Let's face it, when it comes to features on your phone one of the biggest draws is a decent camera. We've all gotten used to being able to capture a moment, or grab video of it, and we all love selfies — okay, I love selfies, but still. The camera on the Droid Maxx 2 is a pretty solid one too, although the quality did suffer in lower light. This isn't a blow you out of the water amazing camera, but it isn't a dud either.
The rear facing camera is a 21MP, with a f/2.0 lens, phase-detect auto focus, and a dual LED flash. The front facing camera is a 5MP and does well for all of your selfie needs. When you're shooting in decent light, you can expect to snag some beautiful pictures. You'll get clear photos, with vibrant color. However the quality there seriously suffers in lower light, and you'll notice they tend towards graininess. You can counteract this a little bit when it's dark outside by using night mode in the camera options, but even that only helps so much — and won't do you much good if you're trying to take pictures in a dim room.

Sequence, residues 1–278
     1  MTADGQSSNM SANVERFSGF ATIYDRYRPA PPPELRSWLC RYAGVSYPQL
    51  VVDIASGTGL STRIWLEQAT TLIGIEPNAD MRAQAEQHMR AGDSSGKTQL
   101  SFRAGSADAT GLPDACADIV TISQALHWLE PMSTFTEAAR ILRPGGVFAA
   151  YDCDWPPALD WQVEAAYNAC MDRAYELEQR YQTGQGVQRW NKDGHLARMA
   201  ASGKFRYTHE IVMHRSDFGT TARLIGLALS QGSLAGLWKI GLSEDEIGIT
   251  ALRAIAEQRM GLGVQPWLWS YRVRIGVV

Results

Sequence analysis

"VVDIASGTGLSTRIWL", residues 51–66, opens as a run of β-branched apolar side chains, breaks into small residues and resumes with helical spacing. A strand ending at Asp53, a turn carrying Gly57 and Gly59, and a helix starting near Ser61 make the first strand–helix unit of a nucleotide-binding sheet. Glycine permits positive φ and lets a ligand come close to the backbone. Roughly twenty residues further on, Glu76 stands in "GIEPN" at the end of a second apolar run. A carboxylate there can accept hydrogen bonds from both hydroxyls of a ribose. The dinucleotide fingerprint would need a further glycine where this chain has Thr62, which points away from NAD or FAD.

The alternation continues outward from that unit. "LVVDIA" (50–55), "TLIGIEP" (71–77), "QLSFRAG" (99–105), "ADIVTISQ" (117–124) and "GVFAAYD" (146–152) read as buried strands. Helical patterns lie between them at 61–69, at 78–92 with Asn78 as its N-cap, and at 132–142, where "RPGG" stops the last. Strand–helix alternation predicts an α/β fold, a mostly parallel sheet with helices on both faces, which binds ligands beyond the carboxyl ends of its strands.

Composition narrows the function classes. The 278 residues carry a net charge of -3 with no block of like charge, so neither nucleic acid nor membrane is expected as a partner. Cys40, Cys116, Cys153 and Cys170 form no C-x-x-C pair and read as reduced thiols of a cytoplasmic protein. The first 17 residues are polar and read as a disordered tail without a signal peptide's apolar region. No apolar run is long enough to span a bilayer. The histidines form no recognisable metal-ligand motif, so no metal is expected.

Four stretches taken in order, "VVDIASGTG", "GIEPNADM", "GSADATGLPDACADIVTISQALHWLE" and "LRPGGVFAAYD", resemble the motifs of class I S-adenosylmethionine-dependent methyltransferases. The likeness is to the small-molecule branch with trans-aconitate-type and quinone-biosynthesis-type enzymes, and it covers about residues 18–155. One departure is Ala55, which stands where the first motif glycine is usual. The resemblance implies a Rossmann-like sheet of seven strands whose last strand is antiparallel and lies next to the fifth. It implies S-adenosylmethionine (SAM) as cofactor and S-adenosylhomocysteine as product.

The options for the camera are fairly straight forward. You can access them by swiping to the right and all of your options are there on a wheel. These include options for HDR, flash, night mode, location tagging, and the like. There aren't any fancy new features here, but you will find all the regular bells and whistles and they all serve you well. The video records at 1080p regularly, but that will drop to 540p if you want to record in slow motion.